The Value of Diverse Interests

A while ago, I received an email from someone that had read A Ray of Light. It’s always a pleasure to get an email from a reader, but this one was a little different. The reader, Meg, was about to start the final year of her undergraduate degree at Durham University. Her dissertation is about the concept of “places of memory”, and she was intending to focus on Lidice.

We arranged to meet so that she could ask me some questions about the story of Lidice, and my opinions on certain aspects of the story and remembrance. The resulting conversation was fascinating. My background is military history, and I’ve been interested in the Second World War since I was a child. That naturally informed the way I approached the story of Lidice and Stoke-on-Trent when researching and writing my book. Not being a military historian, Meg approaches it from a completely different angle. Because of this, she asked questions that I hadn’t considered, and probably never would have. As well as Lidice specifically, We talked about remembrance and commemoration in general, and she challenged my ideas on some things.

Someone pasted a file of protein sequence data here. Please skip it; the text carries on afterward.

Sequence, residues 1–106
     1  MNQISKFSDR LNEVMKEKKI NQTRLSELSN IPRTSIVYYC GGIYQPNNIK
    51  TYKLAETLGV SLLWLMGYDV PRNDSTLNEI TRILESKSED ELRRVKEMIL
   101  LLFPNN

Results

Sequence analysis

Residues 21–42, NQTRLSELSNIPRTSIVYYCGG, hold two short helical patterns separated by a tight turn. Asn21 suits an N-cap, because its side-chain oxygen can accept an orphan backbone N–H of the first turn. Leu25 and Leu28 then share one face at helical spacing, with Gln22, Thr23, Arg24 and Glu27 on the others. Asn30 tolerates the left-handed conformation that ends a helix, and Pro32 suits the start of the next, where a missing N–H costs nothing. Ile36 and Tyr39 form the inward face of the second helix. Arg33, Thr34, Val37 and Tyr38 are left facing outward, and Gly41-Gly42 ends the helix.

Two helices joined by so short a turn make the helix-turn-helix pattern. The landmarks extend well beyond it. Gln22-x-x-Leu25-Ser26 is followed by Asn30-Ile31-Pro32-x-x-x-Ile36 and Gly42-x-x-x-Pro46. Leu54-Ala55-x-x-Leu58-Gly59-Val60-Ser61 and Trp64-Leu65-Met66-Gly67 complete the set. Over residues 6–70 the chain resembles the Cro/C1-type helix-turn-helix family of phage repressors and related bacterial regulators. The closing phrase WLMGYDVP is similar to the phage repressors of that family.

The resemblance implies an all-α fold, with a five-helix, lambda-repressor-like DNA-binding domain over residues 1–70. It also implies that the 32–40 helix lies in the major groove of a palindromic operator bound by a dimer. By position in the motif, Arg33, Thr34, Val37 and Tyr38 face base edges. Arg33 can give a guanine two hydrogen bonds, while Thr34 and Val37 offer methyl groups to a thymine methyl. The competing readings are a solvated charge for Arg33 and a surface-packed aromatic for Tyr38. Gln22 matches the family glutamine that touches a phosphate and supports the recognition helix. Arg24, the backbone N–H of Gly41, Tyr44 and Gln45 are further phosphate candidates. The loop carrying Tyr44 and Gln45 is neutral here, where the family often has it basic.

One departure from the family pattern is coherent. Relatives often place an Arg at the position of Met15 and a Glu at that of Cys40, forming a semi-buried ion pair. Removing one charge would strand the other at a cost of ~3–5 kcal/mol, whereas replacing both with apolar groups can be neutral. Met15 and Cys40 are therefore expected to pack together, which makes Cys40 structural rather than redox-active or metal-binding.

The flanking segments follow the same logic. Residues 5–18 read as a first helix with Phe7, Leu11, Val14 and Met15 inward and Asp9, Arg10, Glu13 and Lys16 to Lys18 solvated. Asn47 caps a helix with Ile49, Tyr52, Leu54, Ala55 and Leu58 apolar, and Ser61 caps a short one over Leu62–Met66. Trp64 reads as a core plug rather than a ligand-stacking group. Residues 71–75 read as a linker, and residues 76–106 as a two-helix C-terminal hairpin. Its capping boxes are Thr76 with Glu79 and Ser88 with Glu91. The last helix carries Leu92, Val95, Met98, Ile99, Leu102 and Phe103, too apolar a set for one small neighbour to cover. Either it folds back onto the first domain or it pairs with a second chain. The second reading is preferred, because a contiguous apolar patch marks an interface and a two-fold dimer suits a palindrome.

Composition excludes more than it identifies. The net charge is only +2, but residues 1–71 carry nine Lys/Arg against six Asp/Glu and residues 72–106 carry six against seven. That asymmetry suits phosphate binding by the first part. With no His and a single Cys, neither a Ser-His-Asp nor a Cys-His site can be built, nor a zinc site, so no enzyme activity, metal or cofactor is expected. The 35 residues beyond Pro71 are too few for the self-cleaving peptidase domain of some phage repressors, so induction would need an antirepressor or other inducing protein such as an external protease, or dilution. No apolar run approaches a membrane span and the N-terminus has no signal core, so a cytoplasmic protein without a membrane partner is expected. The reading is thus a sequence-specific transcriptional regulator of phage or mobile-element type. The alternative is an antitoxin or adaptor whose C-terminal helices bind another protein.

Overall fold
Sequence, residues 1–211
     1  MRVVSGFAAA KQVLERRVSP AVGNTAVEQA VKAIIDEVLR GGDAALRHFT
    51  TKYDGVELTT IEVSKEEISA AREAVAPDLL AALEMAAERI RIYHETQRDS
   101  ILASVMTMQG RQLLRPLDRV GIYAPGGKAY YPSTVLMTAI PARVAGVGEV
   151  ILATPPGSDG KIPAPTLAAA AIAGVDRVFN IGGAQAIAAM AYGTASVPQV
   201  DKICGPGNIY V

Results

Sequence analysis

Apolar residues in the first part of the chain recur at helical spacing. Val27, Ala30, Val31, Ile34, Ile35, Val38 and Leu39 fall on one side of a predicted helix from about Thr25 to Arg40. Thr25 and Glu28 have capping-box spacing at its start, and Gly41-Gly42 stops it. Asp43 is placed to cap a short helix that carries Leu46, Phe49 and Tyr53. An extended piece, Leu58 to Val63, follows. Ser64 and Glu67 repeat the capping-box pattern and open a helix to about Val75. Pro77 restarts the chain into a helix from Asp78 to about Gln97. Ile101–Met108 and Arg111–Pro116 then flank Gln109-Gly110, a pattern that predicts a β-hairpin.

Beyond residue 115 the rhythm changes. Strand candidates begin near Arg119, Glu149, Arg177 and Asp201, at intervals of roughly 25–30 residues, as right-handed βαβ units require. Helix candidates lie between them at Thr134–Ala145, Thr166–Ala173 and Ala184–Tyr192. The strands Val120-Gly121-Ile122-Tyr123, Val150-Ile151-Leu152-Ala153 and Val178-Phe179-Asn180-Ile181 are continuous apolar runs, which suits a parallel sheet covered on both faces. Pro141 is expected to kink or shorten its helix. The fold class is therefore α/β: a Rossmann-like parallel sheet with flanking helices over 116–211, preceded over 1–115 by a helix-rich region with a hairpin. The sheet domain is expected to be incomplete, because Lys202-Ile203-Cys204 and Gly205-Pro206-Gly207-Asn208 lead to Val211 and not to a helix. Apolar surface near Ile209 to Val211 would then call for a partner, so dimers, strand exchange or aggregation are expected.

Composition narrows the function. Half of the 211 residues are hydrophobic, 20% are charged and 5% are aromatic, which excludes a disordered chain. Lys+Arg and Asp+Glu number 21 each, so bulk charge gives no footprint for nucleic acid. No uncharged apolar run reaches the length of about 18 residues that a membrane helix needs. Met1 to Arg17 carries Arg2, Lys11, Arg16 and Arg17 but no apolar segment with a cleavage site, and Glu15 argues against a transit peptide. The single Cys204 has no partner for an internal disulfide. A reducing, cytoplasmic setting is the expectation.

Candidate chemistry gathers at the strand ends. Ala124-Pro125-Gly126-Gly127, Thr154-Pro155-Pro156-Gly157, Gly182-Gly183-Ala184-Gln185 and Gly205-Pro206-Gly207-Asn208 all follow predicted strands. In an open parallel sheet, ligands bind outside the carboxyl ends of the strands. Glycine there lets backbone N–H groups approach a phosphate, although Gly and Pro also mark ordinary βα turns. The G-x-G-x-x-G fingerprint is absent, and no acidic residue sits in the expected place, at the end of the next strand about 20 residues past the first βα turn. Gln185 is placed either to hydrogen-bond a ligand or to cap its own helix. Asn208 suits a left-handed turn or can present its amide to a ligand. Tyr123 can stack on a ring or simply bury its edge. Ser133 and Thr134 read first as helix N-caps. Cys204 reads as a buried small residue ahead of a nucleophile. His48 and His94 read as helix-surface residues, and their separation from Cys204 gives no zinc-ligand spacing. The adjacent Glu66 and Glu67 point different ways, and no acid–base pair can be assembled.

I’ve written before about the importance of diversity. Then, I was referring to diversity of gender, race, etc. But the meeting with Meg was an example of the value of another kind of diversity — that of specialism. Military historians looking at a given subject will generally reach similar conclusions. But someone with a different interest will see things that the military historians miss, and will consequently ask new questions, revealing new insights. This can only be a good thing for the discipline and for our understanding of history in general.